As exams are underway, I've taken some time to look back on my freshman year of college, as many other students have, and I think sharing my experience may be helpful to those who will be leaving for college in a few months.
I hope my experience will offer some comfort, but not in the way a reflection will. Yes, I've grown as a person; yes, I've made great friends. I could go on and on with cliches about becoming independent and having the absolute best most positive experience of my life...but that would be a lie.
In all honesty, my freshman year wasn't the best most positive experience of my life; but, that doesn't mean I hated it, nor does it mean I hate my school. As someone who has always needed a lot of control and planning in life, I have really struggled since nothing turned out as I had planned in high school.
First, I think I should say I am not at my "dream school." I really struggled to figure out if I was making the right choice for college and there was a time where nothing seemed right. But that doesn't mean I haven't found happiness at Loyola. I feel comfortable, I've made great friends, I'm academically challenged but not overwhelmed, and I really feel confident in my choice of major.
But even with all these positives, I have had a lot of things happen that were not in my plan for the year. I flew home for fall break, which was a last minute decision, but something made me feel like I should go home. On the drive home from the airport, my dad told me that he had some bad news: my grandpa had passed away that morning. I was thankful to be home. I went back to school at the end of the weekend. I didn't get the chance to go to my grandpa's funeral, and his loss weighed heavily on me as I was separated from my family. This was certainly not an ideal situation, but I had to learn to handle it on my own with a little help from my friends.
As someone who was really involved in high school, I couldn't wait to join clubs in college. Unfortunately, it wasn't exactly what I expected. Meeting times conflicted and I had to pick which clubs I really wanted to join (how can 4 different groups meet on Tuesdays at 7:30???) but I still managed to sign up for a couple I was really interested in. As luck would have it, only one actually met regularly (shout out to Take Back the Night!) and all the others stopped meeting after two weeks. I saw posters on campus asking for help with the tech crew for some plays, so I emailed the person in charge. They told me what they needed help with and that they'd contact me closer to when I needed to come to rehearsals. I never got that email. I finally applied to be an orientation leader/mentor (an Evergreen). It was the one thing I really wanted and I thought it would surely be the best way to get involved on campus since everything else was falling through. I thought I was a natural leader, I thought I nailed my interviews and my essays...but I was rejected. I was devastated. I had thought that was my calling and my one true shot at becoming an active member of the Loyola community and it was gone. I sat on the floor for an hour, sobbing to my mother over the phone. Who would I be now that I couldn't become the person I wanted to be?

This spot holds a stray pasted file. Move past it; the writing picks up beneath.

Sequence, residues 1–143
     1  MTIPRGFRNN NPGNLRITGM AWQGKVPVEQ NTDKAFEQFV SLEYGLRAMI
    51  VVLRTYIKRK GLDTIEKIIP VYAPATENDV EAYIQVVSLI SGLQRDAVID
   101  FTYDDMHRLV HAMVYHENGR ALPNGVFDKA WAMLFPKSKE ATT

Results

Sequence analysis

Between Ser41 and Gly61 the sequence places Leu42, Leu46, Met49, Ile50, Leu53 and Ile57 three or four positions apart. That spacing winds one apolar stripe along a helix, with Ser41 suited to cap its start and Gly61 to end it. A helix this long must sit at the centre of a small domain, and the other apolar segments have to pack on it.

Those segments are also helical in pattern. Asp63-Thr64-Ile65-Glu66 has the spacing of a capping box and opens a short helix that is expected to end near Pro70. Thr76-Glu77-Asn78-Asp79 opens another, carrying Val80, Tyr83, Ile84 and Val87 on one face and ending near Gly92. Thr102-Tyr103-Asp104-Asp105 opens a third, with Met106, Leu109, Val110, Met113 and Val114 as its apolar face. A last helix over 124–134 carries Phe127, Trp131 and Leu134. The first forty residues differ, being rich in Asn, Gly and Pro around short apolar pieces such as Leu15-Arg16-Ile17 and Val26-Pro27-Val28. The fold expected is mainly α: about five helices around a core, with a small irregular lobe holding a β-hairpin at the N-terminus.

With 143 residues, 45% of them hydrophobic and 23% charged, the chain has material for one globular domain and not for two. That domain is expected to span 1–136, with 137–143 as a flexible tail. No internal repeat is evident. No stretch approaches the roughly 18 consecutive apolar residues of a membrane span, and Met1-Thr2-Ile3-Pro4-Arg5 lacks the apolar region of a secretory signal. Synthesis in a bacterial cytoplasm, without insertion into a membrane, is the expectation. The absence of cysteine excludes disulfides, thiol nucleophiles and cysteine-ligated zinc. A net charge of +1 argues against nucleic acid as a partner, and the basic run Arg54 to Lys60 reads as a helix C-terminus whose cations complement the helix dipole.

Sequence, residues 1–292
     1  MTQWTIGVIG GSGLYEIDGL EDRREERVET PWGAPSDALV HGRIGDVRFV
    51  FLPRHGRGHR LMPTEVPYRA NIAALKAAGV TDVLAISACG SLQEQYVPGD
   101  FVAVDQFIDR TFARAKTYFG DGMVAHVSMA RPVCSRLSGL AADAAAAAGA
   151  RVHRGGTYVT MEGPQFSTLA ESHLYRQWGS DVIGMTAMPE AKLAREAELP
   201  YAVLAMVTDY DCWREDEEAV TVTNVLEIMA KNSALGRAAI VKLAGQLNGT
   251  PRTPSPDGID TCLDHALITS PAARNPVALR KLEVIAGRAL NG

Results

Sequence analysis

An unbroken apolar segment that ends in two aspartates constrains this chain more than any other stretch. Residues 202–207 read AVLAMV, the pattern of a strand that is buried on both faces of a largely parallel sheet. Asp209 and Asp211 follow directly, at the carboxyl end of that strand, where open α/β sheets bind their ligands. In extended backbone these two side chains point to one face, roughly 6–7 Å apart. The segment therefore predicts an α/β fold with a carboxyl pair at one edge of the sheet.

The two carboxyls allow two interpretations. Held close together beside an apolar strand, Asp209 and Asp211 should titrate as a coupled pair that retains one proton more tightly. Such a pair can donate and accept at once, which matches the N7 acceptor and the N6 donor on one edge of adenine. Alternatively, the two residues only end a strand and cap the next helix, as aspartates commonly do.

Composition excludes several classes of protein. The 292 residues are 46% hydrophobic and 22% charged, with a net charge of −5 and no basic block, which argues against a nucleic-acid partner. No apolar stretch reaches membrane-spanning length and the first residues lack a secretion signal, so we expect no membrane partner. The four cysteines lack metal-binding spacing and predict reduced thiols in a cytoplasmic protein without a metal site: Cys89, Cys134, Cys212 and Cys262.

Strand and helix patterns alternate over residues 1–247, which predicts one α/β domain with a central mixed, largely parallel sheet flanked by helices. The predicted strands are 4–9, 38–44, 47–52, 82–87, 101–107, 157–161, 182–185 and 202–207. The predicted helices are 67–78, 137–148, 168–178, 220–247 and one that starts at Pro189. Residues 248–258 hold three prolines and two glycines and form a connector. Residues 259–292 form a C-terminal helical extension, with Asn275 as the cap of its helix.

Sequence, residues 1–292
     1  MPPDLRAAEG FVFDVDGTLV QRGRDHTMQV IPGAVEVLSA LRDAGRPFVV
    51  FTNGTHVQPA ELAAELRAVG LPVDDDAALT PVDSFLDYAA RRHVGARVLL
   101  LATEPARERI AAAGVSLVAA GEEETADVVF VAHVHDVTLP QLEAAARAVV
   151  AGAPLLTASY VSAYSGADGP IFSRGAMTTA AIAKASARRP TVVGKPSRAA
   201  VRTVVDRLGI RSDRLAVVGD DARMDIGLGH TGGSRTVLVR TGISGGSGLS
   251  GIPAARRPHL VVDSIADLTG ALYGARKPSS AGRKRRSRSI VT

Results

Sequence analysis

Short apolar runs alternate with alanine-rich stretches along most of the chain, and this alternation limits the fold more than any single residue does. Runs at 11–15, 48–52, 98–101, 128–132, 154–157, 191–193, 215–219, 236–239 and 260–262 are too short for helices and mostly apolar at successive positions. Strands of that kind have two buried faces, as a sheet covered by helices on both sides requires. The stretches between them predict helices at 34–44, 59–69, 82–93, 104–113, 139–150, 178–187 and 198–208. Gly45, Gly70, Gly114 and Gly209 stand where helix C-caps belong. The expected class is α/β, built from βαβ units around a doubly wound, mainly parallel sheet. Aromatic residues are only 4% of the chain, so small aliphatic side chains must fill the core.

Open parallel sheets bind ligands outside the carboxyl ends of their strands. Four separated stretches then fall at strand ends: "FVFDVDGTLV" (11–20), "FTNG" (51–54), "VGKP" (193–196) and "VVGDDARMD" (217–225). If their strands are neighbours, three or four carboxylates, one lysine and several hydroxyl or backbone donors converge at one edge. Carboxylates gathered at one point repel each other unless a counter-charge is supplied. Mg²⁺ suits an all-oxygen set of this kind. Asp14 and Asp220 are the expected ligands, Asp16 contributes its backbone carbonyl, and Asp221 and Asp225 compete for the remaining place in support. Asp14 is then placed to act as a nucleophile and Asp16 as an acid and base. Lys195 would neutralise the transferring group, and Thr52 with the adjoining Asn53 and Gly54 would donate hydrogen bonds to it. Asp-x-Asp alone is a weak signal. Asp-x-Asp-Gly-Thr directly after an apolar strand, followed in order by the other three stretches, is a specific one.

I had to take some time to talk to a friend, and she made me feel more comfortable with the rejection. She also made me realize I needed time to reflect.
I tried signing up for a retreat, but it conflicted with the dance company spring showcase. The dance company was one of the only organizations that worked out for me. I am grateful for that weekend, since it really allowed me to become closer with some of my classmates. I am so thankful for the power of performing arts! But, when I wanted to look back on that performance and watch the video of the show, I discovered that my dance was one of two that were cut out of the filming. Just my luck.
Now I know you may be wondering, "what is the redeeming quality of this year if you've had all these issues?"
Well, I got involved in service. I tutor children in an after school program up the street and it never fails to brighten my day. Watching the kids grow over the course of the semester has really made me feel sure of wanting to become a teacher, and it has made me feel like I am truly fulfilling the Jesuit mission of being a woman for and with others. The kids have taught me to be more patient, more kind, more open, and more understanding. More importantly, the happiness they bring into my life has kept me from feeling hopeless despite all of my setbacks.
So my advice after looking back on a difficult year would be to find something that brings you fulfillment. Even when everything else around you seems to be going wrong, you will still have that one thing reminding you of what's important. Your year does not need to be perfect to be good; you need to accept the challenges even if you cannot immediately conquer them.